This video is called NATO Forces in Afghanistan Can’t Deny They Killed Civilians in Sangin Anymore.
The $113 Billion Hole: Ten Things America Gave Up This Year to Pay for the War in Afghanistan: here.
Cost Of Afghan War Hangs Over Obama’s Decision On Troop Withdrawals: here.
Afghanistan occupation forces death toll hits 250 for 2011: here.
On Sunday, the departing US Ambassador, Karl Eikenberry, used a speech to students in the western Afghan city of Herat to rebuke President Hamid Karzai: “”When we hear ourselves being called occupiers and worse, our pride is offended and we begin to lose our inspiration to carry on”: here.
While the media focuses on Obama’s anticipated announcement of a limited withdrawal of troops from Afghanistan, the US administration is carrying out behind-the-scenes negotiations for permanent bases in the country: here.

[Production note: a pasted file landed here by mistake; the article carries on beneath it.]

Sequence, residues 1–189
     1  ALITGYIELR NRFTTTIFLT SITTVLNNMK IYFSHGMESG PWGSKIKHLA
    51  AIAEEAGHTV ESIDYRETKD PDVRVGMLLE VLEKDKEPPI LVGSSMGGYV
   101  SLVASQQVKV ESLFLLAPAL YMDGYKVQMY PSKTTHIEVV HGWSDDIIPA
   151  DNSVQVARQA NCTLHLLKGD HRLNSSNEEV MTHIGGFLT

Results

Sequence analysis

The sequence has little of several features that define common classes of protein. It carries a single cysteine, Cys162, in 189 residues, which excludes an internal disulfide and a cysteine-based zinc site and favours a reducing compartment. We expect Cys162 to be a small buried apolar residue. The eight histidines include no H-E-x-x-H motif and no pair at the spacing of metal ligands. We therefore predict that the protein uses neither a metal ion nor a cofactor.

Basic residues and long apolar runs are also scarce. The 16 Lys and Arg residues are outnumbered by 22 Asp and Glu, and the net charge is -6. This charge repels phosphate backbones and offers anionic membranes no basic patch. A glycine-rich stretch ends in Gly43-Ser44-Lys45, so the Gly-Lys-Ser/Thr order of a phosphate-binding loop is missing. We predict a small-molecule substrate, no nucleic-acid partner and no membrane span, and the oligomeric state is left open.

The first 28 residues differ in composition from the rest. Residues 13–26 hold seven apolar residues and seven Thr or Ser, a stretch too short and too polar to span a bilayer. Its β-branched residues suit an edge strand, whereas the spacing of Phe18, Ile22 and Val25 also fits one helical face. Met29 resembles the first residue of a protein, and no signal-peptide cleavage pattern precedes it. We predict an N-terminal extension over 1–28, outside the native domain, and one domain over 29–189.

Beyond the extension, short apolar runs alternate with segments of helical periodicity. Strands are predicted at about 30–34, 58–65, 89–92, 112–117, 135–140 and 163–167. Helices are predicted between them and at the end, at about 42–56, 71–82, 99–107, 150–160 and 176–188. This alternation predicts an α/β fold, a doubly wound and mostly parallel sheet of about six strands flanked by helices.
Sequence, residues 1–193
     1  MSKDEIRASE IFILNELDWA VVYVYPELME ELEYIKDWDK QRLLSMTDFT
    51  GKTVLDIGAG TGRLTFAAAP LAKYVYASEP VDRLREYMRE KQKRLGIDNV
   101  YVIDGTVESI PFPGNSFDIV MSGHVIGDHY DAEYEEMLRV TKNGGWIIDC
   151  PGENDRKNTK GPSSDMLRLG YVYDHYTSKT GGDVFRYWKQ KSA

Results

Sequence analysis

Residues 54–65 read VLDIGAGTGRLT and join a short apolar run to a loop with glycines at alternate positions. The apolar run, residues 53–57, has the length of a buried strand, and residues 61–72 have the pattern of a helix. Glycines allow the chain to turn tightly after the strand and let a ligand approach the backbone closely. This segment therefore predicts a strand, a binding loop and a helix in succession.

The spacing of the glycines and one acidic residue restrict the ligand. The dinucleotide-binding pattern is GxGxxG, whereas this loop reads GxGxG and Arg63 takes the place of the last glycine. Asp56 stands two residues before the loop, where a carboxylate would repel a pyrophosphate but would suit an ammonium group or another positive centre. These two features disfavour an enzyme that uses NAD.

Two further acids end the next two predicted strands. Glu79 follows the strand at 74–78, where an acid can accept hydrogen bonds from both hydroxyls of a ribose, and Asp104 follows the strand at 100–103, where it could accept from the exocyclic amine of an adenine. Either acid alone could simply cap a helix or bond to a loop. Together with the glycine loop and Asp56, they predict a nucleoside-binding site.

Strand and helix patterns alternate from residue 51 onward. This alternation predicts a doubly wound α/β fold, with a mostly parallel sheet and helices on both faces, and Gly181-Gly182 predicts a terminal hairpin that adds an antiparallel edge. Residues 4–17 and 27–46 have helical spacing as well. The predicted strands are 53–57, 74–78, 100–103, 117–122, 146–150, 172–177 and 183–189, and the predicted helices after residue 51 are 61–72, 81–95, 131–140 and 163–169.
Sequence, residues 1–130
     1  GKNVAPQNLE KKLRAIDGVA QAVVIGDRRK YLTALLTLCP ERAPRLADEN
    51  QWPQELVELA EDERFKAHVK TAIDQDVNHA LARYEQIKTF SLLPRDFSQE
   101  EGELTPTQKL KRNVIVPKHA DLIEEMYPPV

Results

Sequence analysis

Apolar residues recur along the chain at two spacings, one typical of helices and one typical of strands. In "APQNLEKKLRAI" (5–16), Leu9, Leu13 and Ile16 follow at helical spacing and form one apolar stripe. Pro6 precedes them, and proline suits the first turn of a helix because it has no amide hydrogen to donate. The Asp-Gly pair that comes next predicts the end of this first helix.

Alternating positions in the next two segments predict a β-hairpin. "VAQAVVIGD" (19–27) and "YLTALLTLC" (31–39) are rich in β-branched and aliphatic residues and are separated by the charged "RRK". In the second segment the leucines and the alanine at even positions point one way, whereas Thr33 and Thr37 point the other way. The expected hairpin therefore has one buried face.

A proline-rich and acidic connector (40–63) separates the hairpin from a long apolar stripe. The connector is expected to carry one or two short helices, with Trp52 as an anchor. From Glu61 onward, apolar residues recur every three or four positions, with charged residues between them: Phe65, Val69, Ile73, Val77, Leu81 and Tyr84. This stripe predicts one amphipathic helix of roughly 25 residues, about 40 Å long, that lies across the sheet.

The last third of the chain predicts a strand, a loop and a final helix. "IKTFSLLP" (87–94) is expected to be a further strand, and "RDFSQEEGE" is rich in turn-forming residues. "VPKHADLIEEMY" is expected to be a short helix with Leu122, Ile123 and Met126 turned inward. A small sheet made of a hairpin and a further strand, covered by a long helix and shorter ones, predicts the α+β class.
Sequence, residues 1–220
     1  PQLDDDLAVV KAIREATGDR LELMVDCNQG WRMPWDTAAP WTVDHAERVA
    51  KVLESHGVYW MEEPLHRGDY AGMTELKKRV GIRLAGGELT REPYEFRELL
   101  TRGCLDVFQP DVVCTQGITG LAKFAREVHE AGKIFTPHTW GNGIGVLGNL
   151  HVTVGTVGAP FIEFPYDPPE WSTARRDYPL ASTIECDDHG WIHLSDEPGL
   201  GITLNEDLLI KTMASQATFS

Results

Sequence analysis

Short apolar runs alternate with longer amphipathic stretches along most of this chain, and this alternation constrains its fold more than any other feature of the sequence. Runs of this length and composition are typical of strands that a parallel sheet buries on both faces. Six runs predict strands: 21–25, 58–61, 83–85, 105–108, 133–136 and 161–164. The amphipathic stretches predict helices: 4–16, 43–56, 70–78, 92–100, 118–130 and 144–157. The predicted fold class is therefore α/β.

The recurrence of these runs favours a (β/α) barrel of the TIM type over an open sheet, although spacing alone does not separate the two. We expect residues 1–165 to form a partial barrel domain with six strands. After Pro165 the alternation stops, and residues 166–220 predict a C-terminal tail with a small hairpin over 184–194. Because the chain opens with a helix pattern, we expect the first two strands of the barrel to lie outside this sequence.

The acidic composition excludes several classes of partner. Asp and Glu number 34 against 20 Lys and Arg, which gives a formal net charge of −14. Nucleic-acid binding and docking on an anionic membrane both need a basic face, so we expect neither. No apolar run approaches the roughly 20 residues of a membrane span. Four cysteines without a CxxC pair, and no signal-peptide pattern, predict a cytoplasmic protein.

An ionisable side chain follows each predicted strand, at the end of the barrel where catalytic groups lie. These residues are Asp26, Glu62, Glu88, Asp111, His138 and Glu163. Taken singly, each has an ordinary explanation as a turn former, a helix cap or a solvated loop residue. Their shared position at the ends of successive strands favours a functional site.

Arianna Huffington: I’m in sun-and-creativity-soaked Cannes but can’t stop thinking about Kabul — specifically President Obama’s looming announcement of how many, or how few, troops he is going to bring home from Afghanistan as part of his long-promised start to a complete withdrawal by 2014 (that’s 13 years after the war began, for those keeping score at home). We know that it’s easier to start a war than to finish one — and we are seeing a case study of this in Afghanistan despite the fact that there’s a clear, widespread, and growing consensus on the value of us getting out. Indeed, even as we approach the mere announcement of the pullout, the pushback parade has begun — an aggressive campaign designed to ensure that the number of troops the president brings home is as small as possible: here.
War-weary US citizens were braced for disappointment today as President Barack Obama prepared to set out a “gradual” Afghanistan withdrawal which would see just 10,000 of the 100,000 US soldiers in the country removed within the next year: here.
The financial scandal that broke Afghanistan’s Kabul Bank: The Guardian: here.